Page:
For entrepreneurs, finding a suitable investor is often one of the hardest challenges that they need to overcome. There is a multitude of options available and getting at a table with the right person is not always easy. Investors will ask all sorts of question and can seem quite critical. Having convinced some investor, being through their due diligence process, the deal making phase starts, with discussions about the valuation of a company and term sheets full of confusing lingo. Having closed the deal you are not done, fund raising is something that you should be doing continually and in a structured way, planning far ahead to reduce the risks of running out of funds.

For investors, the experience is not less demanding. They receive pitches on a daily basis, and finding the right project, at the right valuation and the right time, is extremely difficult in a market where many actors compete to make the best investments. After completion of a deal a long process starts with many challenges along the way, all with the risk of no or unsatisfactory returns.

Why is entrepreneurial finance key to scaleup?

For entrepreneurs it is crucial to attract funding to realize their ambitions. The amount of funding, the conditions and the type of investor will for a large part contribute to their chances of success. Funding is crucial to access the resources they need, to plan ahead, to realize their ambitions and so on. The type of investor secured is also crucial, as this provides a quality stamp that has a strong signaling effect to other investors. Moreover, it can make a huge difference whether or not they are a long term partner that is able to participate in a sequential financing round. Being able to secure sufficient funding is crucial to sustained growth, and failing to do so can mean the end for many scaleups, even when the business at its core is profitable.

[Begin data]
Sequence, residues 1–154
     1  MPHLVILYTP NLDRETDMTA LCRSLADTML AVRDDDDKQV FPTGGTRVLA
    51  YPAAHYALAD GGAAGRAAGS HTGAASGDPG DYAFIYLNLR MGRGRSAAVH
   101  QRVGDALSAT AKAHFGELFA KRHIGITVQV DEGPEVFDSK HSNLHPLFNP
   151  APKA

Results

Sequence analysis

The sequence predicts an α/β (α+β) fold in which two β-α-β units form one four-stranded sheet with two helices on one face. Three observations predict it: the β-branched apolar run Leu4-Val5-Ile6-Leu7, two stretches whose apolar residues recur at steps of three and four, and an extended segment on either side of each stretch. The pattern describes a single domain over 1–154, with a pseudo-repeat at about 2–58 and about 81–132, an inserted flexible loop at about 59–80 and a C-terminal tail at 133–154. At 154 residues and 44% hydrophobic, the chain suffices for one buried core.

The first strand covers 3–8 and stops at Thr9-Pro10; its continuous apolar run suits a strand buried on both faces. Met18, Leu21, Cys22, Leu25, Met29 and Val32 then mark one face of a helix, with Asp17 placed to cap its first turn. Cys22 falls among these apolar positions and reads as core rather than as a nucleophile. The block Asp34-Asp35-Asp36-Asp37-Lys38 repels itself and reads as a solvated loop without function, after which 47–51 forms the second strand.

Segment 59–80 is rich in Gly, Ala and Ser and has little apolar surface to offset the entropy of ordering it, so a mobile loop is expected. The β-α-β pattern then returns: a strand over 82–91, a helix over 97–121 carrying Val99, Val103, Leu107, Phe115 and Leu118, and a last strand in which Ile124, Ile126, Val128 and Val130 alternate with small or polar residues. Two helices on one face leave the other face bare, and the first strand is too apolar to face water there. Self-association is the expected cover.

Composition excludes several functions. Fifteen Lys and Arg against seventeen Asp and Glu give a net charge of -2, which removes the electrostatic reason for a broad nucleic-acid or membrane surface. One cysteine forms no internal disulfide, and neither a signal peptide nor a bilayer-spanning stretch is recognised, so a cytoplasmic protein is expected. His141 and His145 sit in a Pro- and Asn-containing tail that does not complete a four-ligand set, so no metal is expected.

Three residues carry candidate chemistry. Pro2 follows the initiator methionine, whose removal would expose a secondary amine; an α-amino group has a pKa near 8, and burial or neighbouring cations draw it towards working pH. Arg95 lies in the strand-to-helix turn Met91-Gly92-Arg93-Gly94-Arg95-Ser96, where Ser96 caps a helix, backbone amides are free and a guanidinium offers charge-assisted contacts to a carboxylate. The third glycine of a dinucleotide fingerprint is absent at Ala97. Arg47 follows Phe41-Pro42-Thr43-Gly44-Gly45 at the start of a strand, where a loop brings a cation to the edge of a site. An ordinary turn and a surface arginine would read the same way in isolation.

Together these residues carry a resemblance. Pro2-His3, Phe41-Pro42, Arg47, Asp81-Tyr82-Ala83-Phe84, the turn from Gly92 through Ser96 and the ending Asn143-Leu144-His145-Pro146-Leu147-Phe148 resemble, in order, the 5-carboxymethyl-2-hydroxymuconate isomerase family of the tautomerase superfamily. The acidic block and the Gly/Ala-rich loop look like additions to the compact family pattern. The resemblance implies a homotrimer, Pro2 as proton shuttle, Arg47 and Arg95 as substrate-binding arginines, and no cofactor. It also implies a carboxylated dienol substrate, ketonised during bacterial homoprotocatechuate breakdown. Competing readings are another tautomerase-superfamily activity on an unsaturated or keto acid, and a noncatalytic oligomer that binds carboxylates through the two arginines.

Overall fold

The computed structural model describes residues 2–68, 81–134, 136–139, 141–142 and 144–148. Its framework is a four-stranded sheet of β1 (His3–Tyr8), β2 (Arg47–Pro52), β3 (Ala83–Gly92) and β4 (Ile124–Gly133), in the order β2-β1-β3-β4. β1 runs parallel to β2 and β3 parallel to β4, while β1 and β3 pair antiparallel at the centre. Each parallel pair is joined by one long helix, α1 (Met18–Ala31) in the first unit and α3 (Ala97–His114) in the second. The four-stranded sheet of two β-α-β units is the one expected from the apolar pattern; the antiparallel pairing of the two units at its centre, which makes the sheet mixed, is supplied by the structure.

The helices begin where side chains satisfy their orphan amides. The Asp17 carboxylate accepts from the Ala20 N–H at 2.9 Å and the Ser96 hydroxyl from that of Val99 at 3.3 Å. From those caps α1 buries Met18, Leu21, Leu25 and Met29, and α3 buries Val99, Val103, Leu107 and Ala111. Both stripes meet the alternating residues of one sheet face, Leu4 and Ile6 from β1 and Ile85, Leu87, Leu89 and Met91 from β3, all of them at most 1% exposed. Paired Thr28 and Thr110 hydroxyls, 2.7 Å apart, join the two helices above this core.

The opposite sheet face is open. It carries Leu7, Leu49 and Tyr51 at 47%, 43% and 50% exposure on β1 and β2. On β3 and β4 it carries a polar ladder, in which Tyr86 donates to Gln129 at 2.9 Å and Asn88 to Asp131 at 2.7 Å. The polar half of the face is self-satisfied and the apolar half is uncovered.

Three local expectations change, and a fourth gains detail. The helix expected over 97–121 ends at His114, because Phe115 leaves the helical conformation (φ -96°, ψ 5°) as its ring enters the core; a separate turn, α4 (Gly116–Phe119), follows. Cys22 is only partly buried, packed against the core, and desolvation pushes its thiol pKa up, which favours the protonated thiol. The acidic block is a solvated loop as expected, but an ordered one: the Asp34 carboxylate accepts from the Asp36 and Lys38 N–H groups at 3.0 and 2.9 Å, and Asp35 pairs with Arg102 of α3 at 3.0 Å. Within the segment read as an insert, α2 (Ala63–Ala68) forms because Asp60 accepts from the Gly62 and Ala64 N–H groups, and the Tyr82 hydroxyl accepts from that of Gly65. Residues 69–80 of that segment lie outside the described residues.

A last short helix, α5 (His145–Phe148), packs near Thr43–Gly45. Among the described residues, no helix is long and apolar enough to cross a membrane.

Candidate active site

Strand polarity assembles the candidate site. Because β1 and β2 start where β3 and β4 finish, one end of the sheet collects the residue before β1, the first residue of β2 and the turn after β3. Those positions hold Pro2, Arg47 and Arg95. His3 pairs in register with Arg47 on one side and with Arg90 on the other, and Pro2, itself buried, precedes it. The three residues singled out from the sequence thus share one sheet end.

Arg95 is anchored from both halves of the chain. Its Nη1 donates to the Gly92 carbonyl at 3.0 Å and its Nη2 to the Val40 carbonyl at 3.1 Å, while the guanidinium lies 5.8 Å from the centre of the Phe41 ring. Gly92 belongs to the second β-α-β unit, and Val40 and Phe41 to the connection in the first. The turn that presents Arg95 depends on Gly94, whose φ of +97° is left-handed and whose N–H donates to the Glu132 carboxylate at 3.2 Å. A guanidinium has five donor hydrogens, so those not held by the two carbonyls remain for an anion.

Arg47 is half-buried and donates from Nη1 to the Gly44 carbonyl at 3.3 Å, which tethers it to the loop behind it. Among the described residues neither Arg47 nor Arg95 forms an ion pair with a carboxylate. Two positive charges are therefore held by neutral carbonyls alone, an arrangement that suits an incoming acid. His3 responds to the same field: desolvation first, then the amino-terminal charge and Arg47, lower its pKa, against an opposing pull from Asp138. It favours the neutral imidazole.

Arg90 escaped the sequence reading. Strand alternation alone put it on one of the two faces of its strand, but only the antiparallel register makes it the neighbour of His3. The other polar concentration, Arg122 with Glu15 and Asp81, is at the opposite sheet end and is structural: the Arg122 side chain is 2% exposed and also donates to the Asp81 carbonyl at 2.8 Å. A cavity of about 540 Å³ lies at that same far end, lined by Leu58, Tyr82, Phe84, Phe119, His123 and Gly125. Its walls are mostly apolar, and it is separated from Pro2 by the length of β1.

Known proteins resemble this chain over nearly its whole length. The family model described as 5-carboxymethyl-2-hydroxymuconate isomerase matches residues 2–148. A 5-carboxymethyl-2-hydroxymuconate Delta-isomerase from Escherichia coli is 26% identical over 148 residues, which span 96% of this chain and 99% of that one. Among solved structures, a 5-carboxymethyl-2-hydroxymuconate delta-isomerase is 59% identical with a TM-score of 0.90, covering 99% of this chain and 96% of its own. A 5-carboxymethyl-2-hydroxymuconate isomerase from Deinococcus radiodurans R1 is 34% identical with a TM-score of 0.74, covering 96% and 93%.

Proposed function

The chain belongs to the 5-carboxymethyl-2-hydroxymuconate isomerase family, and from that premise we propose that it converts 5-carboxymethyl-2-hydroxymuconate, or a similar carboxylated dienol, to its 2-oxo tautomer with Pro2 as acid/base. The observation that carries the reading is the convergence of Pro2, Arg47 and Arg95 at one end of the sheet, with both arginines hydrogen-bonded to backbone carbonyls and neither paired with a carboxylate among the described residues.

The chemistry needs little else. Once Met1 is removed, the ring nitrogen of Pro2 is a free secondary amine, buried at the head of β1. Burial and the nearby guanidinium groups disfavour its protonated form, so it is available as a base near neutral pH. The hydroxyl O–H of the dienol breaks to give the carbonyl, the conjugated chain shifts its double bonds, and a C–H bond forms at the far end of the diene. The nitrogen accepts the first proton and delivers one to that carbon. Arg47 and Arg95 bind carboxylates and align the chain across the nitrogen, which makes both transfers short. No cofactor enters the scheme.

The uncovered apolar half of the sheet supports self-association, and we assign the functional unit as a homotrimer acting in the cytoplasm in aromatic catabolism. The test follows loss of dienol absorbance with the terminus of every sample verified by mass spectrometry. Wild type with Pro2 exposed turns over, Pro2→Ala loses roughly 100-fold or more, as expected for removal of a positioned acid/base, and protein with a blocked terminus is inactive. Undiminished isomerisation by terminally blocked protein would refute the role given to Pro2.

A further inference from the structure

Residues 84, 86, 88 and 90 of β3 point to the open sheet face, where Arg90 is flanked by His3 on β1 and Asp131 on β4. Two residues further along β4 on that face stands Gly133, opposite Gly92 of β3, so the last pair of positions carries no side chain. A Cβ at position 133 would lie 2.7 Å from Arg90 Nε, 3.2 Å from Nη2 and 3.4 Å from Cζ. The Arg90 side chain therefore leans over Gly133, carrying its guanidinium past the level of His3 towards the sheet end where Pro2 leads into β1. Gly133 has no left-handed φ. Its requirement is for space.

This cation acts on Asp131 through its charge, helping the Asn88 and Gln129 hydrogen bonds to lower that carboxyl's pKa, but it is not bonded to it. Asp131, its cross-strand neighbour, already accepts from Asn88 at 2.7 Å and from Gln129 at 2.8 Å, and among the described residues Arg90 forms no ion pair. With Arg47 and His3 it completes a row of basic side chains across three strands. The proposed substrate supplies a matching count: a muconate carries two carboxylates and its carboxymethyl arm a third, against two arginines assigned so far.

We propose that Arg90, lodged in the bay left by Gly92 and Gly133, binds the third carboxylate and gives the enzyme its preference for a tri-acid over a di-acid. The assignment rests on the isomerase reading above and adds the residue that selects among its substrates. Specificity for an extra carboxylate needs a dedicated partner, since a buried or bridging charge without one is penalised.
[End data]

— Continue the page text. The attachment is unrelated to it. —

For investors, it is key to realize the returns that they require. Institutional investors might depend on VC’s to find high returns and to diversify their portfolio. Large corporates seek ventures to participate in, to access new technologies and to expand their innovation capabilities. Private investors might invest in start-up ventures to use their experience to create value and earn money or to return something back to society. Public investors, at last, look for investments to solve societal problems or to boost the economy.

How to approach entrepreneurial finance as an entrepreneur?  

We always advice our clients to take a structured approach to fund raising and to build a financial strategy in advance. This will help you to plan ahead and to take timely action when things don’t work out as you planned. It also forces you to think ahead and to switch from a reactive to a proactive approach to fundraising.

Another tip is to draft a business plan and supportive documents such as a financial model early and  updating this along the way. This might seem as a dreadful use of precious time, but it is eventually bound to save you a lot of time in the fundraising process. Another advantage is that it gives you insights into your financing needs.

Are you an entrepreneur yourself and is financing a pressing topic at your company? INNFLOW supports scaleups from a first finance strategy to financial close. With a network including both public and private investors, we can help you navigate the financial market and get access to the funding that fits your company.

Source used: Da Rin, M., & Hellmann, T. (2020). Fundamentals of Entrepreneurial Finance. Oxford University Press.

[1] Da Rin, M., & Hellmann, T. (2020). Fundamentals of Entrepreneurial Finance. Oxford University Press.

[2] Hurst, E., & Pugsley, B. W. (2011). What do small businesses do? (No. w17041). National Bureau of Economic Research.